Connelly’s time in Burma is cut short by an expired visa and a perceived threat from the junta. She returns to Thailand where she meets Western women involved in the Burma struggle. She is curious about why they would choose such a path and one response in particular gets her thinking, “I decided I didn’t want to be an observer anymore. I wanted to be a participant, whatever that meant. The Burmese struggle is … remarkable. It made me think about human solidarity. Does that sound out of date? I suppose it is. But I guess I came to the point where I didn’t want to just watch the struggle. I wanted to struggle with them. And so, in a way, I do.” I do. Two small, fateful words.” Connelly, too, yearns to contribute, but she doesn't know how. At a party in Chiang Mai, she meets Maung, the head of an armed group of insurgents fighting the Myanmar army on the Thai-Burma border. She falls in love with him. The rest of this book is chiefly concerned with the intertwining branches of their unlikely relationship and Connelly’s travels through the refugee camps on the border.
I savoured Burmese Lessons. Connelly is thoughtful and articulate. She shares her deepest insecurities with us and as a consequence there’s an unexpected sense of intimacy running through the book. If you read Burmese Lessons hoping to discover more about Burma and the struggle against the junta, you’d be disappointed. Burmese Lessons is about a personal journey and it’s an exceedingly poignant one.
P.S. The snoring old man in the quote in the first paragraph of this post is U Tin Moe, one of Burma’s most celebrated poets. He too spent many years in prison. His bitter poem, Desert Years, contemplates the state of his country.
a strand of grey hair
a decade gone
In those years
the honey wasn’t sweet
mushrooms wouldn’t sprout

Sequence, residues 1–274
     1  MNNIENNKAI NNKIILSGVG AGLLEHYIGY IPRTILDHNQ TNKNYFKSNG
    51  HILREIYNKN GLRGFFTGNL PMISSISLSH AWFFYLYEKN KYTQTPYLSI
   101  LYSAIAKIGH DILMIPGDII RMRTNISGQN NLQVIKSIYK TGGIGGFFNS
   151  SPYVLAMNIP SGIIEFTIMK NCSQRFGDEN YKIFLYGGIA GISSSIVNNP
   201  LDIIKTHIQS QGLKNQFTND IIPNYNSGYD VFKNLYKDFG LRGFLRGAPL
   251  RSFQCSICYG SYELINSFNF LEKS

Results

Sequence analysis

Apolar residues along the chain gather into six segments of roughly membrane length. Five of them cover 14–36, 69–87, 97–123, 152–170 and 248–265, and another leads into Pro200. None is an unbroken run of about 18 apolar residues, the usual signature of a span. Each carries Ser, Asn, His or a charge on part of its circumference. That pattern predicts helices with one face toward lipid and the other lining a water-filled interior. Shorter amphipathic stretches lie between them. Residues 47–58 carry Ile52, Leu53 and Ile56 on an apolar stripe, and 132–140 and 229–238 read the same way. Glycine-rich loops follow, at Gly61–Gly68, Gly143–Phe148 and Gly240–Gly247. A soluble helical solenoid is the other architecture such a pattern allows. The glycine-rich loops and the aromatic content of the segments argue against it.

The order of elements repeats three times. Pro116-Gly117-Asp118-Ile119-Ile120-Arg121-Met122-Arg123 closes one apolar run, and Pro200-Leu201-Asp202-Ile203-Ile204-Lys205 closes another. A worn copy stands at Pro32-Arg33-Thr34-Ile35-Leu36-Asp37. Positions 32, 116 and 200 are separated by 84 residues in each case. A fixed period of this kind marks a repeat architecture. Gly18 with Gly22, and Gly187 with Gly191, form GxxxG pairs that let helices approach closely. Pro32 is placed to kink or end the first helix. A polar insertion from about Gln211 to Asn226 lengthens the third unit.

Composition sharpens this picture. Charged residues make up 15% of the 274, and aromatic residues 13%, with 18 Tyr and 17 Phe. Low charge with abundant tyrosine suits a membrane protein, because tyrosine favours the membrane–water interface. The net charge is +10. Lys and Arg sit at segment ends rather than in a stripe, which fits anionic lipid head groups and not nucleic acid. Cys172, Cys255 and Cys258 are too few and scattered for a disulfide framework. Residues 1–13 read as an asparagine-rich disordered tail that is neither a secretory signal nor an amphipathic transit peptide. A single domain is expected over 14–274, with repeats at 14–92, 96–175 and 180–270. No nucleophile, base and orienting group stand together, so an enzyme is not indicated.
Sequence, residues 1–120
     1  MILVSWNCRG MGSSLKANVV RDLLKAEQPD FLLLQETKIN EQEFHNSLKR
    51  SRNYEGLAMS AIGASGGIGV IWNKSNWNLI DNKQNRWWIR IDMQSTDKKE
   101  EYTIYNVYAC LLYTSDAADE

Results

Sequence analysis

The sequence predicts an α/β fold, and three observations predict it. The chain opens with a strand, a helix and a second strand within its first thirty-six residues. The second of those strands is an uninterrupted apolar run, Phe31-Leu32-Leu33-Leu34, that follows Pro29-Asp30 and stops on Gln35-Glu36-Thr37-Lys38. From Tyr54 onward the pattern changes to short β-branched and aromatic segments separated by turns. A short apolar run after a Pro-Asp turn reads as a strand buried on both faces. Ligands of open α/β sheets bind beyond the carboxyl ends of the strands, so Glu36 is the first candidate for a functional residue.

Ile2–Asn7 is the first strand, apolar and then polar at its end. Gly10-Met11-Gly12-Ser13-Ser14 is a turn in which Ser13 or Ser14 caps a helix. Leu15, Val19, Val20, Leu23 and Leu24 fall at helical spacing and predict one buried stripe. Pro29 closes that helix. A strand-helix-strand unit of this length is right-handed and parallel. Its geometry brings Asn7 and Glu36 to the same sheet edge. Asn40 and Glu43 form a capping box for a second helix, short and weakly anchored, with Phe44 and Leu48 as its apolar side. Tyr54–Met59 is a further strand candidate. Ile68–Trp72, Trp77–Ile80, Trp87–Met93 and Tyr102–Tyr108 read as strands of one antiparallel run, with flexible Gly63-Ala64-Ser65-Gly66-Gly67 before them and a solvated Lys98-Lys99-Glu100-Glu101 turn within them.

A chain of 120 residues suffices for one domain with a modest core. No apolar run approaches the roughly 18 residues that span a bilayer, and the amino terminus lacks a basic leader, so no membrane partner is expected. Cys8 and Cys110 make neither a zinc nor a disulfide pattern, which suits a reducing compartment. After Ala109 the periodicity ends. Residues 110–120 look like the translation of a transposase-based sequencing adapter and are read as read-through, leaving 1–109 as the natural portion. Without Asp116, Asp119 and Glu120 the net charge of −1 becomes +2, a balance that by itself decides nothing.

farmlands were parched
The mist hung low
the skies were gloomy
Clouds of dust
on the cart tracks
Acacia and creepers
and thorn-spiral blossoms
But it never rained
and when it did rain,
it never poured
At the village front monastery
no bells rang
no music for the ear
no novice monks
no voices reading aloud
Only the old servant with a shaved head
sprawled among the posts
And the earth
like fruit too shy to emerge
in shame and sorrow
glances at me
When will the tears change and
the bells ring sweet?
by U Tin Moe (1933-2007)
Wednesday, June 15, 2011
Monday, June 13, 2011
Sunday, June 12, 2011
The area is also famous for its African sausage trees (Kigelia africana) and there were loads.
Saturday, June 11, 2011
Stories in a Song was unexpectedly delightful. The play was thought up by Shubha Mudgal and comprises 7 pieces built around obscure or fading musical traditions from northern India. As I sat, waiting for the show to begin, I observed at length the small orchestral arrangement to the side. A harmonium, a tabla, a dhol and what I supposed was an electronic tanpura – all of these I noted with a sinking feeling. What had I dragged myself across waterlogged roads and testy weather for? Thankfully, Stories in a Song disproved my cynicism in the most wonderful way.
The first piece, Songs of the Nuns, was the most melancholic among the seven and also somewhat inadequate. Sourced from the Therigatha, an anthology of poems by Buddhist nuns (the earliest known example of women’s literature in India), their interpretation in song failed to capture the power or mood of the poems. The poems themselves, however, are fascinating and worth a revisit. Quite suddenly, we are taken away from this India of antiquity to an upmarket brothel in Mahatma Gandhi and the Tawaif Sabha. Ketki Thatte was superb as the tawaif who recounts, in speech and song, an encounter between the tawaifs of Benares and Gandhi. The third piece is adapted from Chandni Begum, an Urdu novel by Qurrat-ul-Ain Haider. In Chandni Begum, a struggling family of folk singers attempt to persuade an influential newspaper editor to print some promotional material. Nishi Doshi was particularly riveting as the coquettish Bela, the family’s winsome protégé, in her 1950s sari and flower-pinned chignon, enchanting the audience completely with her old fashioned singing.